If you work with nonprofit marketing in any sort of capacity, then you are all too familiar with the number of communications options available to spread awareness and education to your audience.
Social media, emails, direct mail, special event materials, and even simple pamphlets are just the tip of the iceberg when it comes to presenting information to your volunteers and donors.
Since we launched our podcast for nonprofits, we’ve been thinking a lot about how podcasting could help nonprofits share their stories and work with more people. Have you considered creating a podcast for your nonprofit?
33% of the US population has listened to at least one podcast in their lifetime, and 10% of the population listens to at least 6 podcasts every week. The typical podcast listener is between 18-34, college educated, and has an annual household income over $100,000. If this sounds like your nonprofit’s audience, then it’s time to start recording!
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What Is Podcasting?
Podcasting is a type of recorded audio media that is aired to your audience in a series.
Podcasts present information about your nonprofit in a casual way to both educate your listeners while promoting your cause and cross-referencing your communication avenues (website, social media, blog, etc.).
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The key to a successful podcast series that draws a regular crowd is consistency. You’ll want to create new content at regular intervals and maintain a consistent tone from one episode to the next.
Whether you choose to continue one particular topic or storyline throughout your series or tackle a new topic every week is entirely up to you.
One of the biggest reasons why your nonprofit should consider podcasting is the accessibility of audio. Listeners can conveniently enjoy your podcast through their mobile devices, music players, or computers whether they’re driving a car, exercising, or mowing the lawn. It’s a great medium for connecting with your audience while they’re on the go.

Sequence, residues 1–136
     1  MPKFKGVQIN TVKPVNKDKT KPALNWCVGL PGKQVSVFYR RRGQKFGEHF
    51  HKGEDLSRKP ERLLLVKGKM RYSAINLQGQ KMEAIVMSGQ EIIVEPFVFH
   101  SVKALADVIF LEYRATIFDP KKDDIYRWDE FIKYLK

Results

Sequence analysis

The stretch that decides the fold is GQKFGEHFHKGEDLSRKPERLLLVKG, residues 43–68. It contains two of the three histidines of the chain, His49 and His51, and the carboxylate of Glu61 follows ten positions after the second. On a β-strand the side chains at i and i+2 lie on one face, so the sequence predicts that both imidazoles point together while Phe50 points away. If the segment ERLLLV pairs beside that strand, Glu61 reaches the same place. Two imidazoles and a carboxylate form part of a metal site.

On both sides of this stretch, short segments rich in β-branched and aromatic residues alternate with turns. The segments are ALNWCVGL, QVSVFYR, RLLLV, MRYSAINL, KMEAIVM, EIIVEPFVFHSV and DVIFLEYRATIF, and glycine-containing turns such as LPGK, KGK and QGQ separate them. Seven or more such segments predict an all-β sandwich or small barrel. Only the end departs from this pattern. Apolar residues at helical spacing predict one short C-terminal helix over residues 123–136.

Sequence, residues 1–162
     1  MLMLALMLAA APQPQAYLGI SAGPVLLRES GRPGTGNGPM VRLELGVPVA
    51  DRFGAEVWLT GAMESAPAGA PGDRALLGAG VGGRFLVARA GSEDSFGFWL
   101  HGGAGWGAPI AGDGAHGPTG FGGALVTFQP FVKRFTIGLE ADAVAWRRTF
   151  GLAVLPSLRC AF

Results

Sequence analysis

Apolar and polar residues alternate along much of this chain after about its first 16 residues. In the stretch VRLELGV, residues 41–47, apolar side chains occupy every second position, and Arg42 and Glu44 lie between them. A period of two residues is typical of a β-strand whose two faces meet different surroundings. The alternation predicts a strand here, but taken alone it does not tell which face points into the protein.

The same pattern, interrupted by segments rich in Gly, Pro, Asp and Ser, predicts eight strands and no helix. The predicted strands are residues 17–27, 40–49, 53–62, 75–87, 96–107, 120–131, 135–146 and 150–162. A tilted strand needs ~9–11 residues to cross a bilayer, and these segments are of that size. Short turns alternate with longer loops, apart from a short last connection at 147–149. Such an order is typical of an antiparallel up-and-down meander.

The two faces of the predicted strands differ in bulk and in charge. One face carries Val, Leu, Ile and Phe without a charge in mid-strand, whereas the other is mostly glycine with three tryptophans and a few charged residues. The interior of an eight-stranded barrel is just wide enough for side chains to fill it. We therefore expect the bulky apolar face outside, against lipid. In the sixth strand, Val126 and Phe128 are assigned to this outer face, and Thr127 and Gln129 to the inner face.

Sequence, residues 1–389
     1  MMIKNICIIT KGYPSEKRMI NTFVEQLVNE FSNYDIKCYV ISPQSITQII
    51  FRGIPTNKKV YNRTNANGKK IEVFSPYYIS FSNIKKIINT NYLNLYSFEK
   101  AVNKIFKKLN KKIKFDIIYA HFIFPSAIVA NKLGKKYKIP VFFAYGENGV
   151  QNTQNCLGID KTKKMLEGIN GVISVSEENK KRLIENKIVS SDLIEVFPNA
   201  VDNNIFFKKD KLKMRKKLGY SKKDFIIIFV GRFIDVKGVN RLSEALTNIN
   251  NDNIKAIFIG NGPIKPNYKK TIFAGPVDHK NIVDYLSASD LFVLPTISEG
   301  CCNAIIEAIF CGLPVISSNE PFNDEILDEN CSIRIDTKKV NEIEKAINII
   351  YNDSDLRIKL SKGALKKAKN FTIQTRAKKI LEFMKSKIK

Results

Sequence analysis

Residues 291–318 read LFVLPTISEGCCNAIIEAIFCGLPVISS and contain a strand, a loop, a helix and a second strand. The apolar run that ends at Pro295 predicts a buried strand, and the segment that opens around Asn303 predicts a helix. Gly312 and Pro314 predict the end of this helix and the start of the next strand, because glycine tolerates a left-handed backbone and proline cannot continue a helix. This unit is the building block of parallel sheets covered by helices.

Benefits of Nonprofit Podcasting
There are many ways that nonprofits may benefit from incorporating podcasts into their communications calendar.
Creates a Loyal Listener-Base
Listeners are encouraged to subscribe to the podcast to ensure that they have access to your latest content. By providing podcast sessions that are informative and high-quality, you are ensuring that your audience returns.
Many nonprofits are feeling the pressure to diversify their messaging to reach a broader audience.
Everyone from donors to those receiving services need to be made aware of a nonprofit’s scope. Providing education about your cause may just be the thing that motivates a prospective donor to give or a listener to seek services.
Here’s a great podcast example by The Humane Society. The episode provides background on a new bill that would punish spectators of animal fights, and encourages listeners to take action.
You need your audience to view you and your nonprofit as a leader in your field. An informative podcast will do this.
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Here is a great example from Unicef. In this podcast series, the topic of human trafficking is discussed along with action steps.